Many of the most revolutionary technological advances are ones that embrace a new user model. Wi Fi and laptops freed people from being tethered to a single office or desk. The new 3G networks and hardware to connect to them on a Netbook allow one to be connected to the Internet not just in a Café with a local wi fi access point but perhaps sitting outside, by a babbling brook.

The iPhone’s size and weight meant that you didn’t have to be sitting down to use it. You could be waiting in line, walking, or sitting  in a seat on the bus or a car. In fact, the iPad is the first computer  that is almost intended to be used while slouching. It’s not a desktop or laptop;  it’s a loungetop! The idea that a computer is not necessarily for work (the Desktop and Laptop computers are ostensibly for that purpose) or for communication (all of the above plus the smartphone or PDA  – Personal Digital Assistant, a term coined by another Apple CEO –  plus phone) leaves the iPad a computer for casual use, mainly media-consumption with some email and web surfing. One could certainly do work on an iPad, and no doubt, some people will dedicate themselves to using it for their work tasks, but the iPad is first and foremost, the first computer designed to be used while a user is sitting back comfortably. That’s probably the big (if not one of the biggest) deal, in my opinion.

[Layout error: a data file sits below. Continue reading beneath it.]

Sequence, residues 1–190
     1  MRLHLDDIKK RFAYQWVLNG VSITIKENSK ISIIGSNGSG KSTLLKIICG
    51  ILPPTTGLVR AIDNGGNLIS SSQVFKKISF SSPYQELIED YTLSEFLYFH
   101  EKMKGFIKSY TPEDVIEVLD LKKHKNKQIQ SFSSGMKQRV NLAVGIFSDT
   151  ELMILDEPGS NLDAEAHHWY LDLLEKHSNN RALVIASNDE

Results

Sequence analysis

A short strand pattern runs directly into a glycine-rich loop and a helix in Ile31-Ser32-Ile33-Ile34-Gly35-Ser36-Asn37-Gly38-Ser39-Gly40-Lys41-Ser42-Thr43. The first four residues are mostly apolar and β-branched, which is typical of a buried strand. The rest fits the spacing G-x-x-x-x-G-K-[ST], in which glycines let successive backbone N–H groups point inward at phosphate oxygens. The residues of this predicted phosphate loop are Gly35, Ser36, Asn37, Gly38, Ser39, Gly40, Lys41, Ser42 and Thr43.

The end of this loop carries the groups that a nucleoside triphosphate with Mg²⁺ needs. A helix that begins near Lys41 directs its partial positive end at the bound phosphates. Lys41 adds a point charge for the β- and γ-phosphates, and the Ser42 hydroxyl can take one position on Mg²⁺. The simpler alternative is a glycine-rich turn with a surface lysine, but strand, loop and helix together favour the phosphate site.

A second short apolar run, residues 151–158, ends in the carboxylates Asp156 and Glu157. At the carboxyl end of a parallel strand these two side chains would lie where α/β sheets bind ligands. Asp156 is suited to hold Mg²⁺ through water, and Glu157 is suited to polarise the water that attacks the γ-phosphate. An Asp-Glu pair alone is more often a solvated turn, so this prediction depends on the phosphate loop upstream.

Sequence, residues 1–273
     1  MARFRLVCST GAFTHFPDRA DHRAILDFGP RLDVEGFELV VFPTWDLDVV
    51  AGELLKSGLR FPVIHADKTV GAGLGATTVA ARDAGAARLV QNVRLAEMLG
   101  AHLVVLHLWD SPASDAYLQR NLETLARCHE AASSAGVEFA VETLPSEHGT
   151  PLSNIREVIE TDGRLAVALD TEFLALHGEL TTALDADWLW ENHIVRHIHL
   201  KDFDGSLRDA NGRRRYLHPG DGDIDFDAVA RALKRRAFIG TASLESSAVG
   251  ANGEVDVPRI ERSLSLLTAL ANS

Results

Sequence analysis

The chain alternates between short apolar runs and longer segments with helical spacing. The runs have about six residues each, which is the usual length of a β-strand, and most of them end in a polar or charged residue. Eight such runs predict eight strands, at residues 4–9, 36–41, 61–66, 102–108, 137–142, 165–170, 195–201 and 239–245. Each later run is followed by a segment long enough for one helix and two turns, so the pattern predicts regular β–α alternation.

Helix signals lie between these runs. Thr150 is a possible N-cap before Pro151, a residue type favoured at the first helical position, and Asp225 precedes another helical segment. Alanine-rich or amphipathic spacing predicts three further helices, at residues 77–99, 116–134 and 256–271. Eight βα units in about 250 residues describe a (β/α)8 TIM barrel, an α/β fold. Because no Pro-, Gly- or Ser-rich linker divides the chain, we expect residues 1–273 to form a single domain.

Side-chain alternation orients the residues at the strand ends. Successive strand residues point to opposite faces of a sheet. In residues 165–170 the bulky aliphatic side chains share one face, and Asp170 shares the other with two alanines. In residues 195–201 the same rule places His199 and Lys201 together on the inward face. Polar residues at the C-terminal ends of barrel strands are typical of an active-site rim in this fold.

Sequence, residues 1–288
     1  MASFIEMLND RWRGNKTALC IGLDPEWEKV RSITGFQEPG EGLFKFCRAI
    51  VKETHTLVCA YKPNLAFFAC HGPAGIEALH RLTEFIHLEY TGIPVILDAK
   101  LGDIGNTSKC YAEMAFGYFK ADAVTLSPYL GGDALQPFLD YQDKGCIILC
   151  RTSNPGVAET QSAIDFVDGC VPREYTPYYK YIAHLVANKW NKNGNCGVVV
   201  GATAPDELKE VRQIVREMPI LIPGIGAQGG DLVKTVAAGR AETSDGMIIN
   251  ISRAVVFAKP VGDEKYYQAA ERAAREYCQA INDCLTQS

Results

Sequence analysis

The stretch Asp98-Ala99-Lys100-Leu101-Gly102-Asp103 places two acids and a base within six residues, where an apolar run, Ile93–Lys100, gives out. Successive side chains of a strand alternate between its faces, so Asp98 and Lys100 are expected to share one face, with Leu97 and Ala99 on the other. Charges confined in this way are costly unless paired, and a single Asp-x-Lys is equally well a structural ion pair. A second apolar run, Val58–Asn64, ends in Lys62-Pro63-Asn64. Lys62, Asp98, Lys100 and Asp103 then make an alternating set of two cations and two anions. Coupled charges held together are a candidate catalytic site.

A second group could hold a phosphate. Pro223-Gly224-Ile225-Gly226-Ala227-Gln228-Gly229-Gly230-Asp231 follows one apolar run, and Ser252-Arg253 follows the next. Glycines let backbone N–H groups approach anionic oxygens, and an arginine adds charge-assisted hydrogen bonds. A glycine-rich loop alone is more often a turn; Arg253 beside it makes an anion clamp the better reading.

The lack of all of those other items (keyboard, mouse, external drive, cabling) meant that there is less to distract the user from the touchscreen and the content displayed on it. People often describe the experience of using an iPad as qualitatively different; that there is no longer ‘something’ in the way, between them and the Internet. While the day has not yet arrived where we ‘jack in’ directly to the Internet, the iPad comes a step closer to that consensual hallucination.

The iPad as Harbinger of a New Age of Human Control Interfaces

It’s even more interesting to take note of the fact that Steve Jobs conceived of the iPad first, and then realized that they could use a smaller version, with some of the scrolling behavior, as a way of building a telephone and internet device/iPod. The pure idea, that of a simple, flat, sheet of glass that displays content and interacts with the user was the original idea. You could put that foundation under any other gadget. People will now expect the iPad/iPhone touchscreen interface with it’s combination of mimicry of physical scrolls and easily changed collection of buttons or controls depending on the context as the default user interface for any number of other technologies. Your car will have a small iPad screen built into the dash (someone has already installed one, according to one of the tech blogs). You’ll set your thermostat or fade your lights with one of these glass interfaces, and you’ll program your microwave, dishwasher, or even toaster with one, once the technology becomes cheap enough to use everywhere.
By jettisoning the clutter and encumbrances of computing, the iPad pulls the rest of the world into an intelligent and software-driven set of controls. Physical knobs, along with raised physical buttons, will only be used where absolutely necessary. As for the rest, we all Pad.

Eek!